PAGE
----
Six ed-tech resources for ELL/ESL instruction

One reader’s tip: Know the products that work!

It’s usually the editors’ job at eSchool News to create our own “Question of the Week” for our newsletters, but a few weeks ago we received a request from a reader that we ask our followers: “What are some ways technology helps in the education of ELL students?”

From award-winning software, to a teacher-created program that needs peer input, our readers offered some useful ways in which technology can help English-language learners and those for whom English is a second language. Here are six of the best responses (edited for brevity).

“One great way technology can help ESL students is to provide online English language teaching drills and interactive lessons in language arts. I have developed a program for this that can also be tweaked to better serve English language learners. It is not for sale just yet, because I need to pilot it and I’m looking for some schools to test it. Please check out my website and you’ll see what I’m talking about (any feedback you can provide will be greatly appreciated).

“I am a Spanish teacher, and this is a totally new endeavor for me. The technology we used is low-grade, so it might not sound like it was done in a studio, but it’s sufficient to attract students’ attention, keep them on task, and reach their learning comfort zones. The need is so great for poor readers and migrant students to have an effective language teaching program at their disposal. I hope I will be able to provide that.” —Debra Buffington-Adams, author of the Mastery Reading program, New Heights Educational Services

“[I’m] using DynEd software to ensure tracking [of] student progress and teaching with technology. Knowing the products that work, seeing the research of their proven results, and making powerful decisions to teach ELL students effectively [are key].” —Louise Eggert-Nevins

“Without sounding self-serving, I do know that quite a few teachers (ESL/ELL) in K-12 are using PicLits to teach both Spanish/English and English/Spanish writing skills. There are two methods of writing: DRAG-N-DROP & FREESTYLE. The DRAG-N-DROP has drop-down arrows that allow for verb tenses and capitalization. D-N-D seems most effective for grammar, punctuation, spelling, and vocabulary.  FREESTYLE has a more open and creative feel, but both bring to the forefront the importance of writing. We hope to offer the site in Spanish by the end of 2012. We get dozens of PicLits per week that are written in Spanish.” —Terry Friedlander, founder,, Ketchum, Idaho

“At Odyssey Middle School and many other schools in Orange County Public Schools, ELL students have the opportunity to use the Rosetta Stone program. As this is an online-based program, students are able to access it both at school and at home. I have seen immense language proficiency in many of our students! Some have shown incredible growth on the FCAT (state test) after only one year learning English with the help of Rosetta Stone.” —Linda Torres, ELL compliance/reading teacher, Odyssey Middle School, Orange County Public Schools, Fla.

“Non-native English students have difficulty understanding their teacher even under ideal classroom listening conditions. Background noise and sitting far from the teacher—unavoidable conditions in many classrooms—make it even harder. In fact, the speech perception accuracy and listening effort of children who are not native English speakers is similar to children who have 25 to 40 dB hearing losses.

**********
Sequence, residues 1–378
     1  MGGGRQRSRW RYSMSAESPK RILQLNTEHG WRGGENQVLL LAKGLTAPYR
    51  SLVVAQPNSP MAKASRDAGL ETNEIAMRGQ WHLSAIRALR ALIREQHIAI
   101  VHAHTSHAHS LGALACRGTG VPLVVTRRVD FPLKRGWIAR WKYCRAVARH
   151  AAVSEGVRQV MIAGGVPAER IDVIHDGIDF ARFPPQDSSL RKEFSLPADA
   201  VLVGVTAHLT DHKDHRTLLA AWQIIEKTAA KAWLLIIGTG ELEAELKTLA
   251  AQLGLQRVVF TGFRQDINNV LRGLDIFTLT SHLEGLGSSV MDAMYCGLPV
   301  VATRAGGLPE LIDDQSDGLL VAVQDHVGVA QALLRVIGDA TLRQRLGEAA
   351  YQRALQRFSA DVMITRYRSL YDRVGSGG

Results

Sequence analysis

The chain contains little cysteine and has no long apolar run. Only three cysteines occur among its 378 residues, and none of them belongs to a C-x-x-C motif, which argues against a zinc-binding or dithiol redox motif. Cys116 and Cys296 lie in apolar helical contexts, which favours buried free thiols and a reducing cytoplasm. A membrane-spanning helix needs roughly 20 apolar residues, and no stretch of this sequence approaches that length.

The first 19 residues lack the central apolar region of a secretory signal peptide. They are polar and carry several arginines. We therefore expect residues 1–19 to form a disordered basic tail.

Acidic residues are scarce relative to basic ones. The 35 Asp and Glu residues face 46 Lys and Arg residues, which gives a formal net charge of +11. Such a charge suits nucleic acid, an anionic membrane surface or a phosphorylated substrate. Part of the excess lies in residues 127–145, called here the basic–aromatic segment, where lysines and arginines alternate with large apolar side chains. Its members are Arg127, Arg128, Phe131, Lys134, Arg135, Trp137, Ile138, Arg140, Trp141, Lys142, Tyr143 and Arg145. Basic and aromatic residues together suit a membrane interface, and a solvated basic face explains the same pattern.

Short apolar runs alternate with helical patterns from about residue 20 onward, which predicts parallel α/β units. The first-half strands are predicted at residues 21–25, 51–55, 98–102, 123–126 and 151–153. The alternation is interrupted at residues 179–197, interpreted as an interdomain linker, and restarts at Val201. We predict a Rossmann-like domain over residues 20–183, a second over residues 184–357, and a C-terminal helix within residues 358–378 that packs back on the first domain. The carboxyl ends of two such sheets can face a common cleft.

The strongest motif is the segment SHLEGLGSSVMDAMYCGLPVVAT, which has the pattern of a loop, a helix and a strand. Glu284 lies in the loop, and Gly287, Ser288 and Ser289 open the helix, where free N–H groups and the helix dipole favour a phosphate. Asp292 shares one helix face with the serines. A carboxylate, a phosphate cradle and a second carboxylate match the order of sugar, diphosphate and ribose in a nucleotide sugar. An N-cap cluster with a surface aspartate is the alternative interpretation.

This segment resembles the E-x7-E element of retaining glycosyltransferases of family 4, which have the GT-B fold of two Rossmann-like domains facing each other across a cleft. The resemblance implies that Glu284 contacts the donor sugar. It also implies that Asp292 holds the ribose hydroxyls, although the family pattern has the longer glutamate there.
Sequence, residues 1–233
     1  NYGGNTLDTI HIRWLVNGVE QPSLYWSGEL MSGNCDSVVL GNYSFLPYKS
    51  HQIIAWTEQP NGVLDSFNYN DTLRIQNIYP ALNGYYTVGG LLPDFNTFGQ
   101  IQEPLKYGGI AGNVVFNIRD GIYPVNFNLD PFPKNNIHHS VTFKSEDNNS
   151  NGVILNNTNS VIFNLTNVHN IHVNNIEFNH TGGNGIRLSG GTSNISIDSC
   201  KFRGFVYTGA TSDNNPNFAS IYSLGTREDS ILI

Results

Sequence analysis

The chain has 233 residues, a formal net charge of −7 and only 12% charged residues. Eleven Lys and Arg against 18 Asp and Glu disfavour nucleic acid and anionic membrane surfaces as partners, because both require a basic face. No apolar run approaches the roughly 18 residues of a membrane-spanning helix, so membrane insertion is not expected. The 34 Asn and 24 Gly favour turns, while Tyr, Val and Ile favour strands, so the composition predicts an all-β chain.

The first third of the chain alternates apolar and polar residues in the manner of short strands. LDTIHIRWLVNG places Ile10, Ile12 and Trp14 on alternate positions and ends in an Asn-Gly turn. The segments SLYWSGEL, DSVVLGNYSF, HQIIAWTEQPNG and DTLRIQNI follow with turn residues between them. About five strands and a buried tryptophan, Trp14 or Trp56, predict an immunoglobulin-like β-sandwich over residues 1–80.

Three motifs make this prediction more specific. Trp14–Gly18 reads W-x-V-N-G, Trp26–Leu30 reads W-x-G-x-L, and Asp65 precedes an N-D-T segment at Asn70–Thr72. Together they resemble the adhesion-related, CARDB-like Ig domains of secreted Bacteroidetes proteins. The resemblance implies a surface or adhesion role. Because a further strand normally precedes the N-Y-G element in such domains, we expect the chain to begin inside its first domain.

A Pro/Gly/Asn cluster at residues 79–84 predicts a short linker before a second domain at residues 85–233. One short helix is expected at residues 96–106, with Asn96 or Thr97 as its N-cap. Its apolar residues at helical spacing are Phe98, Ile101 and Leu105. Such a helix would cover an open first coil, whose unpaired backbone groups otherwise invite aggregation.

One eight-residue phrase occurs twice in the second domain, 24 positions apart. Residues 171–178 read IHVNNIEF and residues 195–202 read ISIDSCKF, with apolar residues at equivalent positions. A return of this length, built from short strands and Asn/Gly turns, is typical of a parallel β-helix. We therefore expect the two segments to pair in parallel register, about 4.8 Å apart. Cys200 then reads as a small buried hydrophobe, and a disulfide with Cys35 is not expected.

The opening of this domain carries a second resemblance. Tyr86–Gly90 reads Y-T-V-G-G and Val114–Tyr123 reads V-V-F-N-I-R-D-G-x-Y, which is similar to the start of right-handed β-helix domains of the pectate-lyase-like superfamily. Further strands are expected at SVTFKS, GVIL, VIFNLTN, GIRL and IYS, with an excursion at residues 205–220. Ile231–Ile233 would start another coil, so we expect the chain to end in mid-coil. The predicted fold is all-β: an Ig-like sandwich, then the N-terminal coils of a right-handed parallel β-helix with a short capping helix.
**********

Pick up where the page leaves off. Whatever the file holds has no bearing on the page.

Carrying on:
“ELL students in FrontRow classrooms are understanding up to 60 percent better than children in the non-amplified classrooms. According to Carl Crandell and other researchers at the University of Florida, ‘amplification significantly improved the perceptual abilities of ESL children.’ By ensuring that the teacher’s voice is clarified and evenly distributed around the classroom, FrontRow sound systems can be tremendously helpful to English language learners—who have particularly strong speech perception difficulties when seated in the middle or rear of the classroom. See the study.” —Stephanie Seufert for FrontRow

[Editor’s note: Many other companies offer classroom amplification systems as well, including (but not limited to) Audio Enhancement, Califone, Crestron, Extron Electronics, Lightspeed Technologies, Promethean, and SMART Technologies.]

“Animation and technology are universal languages—that’s why they’re the perfect tools for teaching English to non-native speakers. BrainPOP ESL is an award-winning online English language teaching tool. It is a comprehensive, web-based program that combines animated movies, interactive features, and computer skills as it guides students through English language development. Through lively, engaging content, it is designed to teach English to beginning language learners and advance to a sophisticated level of knowledge and competency in both language and academic content.

“By lowering the affective filter, social and academic learning can be reinforced. As a result, students learn English in a fun, non-threatening platform, and practice computer skills at the same time. BrainPOP ESL was developed by experienced language educators and is designed to address the needs of students with diverse learning styles, and at various levels. Check it out:” —Beverly Fine for BrainPOP ESL

Sign up for our K-12 newsletter

Newsletter: Innovations in K12 Education
By submitting your information, you agree to our Terms & Conditions and Privacy Policy.

Meris Stansbury

Want to share a great resource? Let us know at

Comments are closed.

eSchool News uses cookies to improve your experience. Visit our Privacy Policy for more information.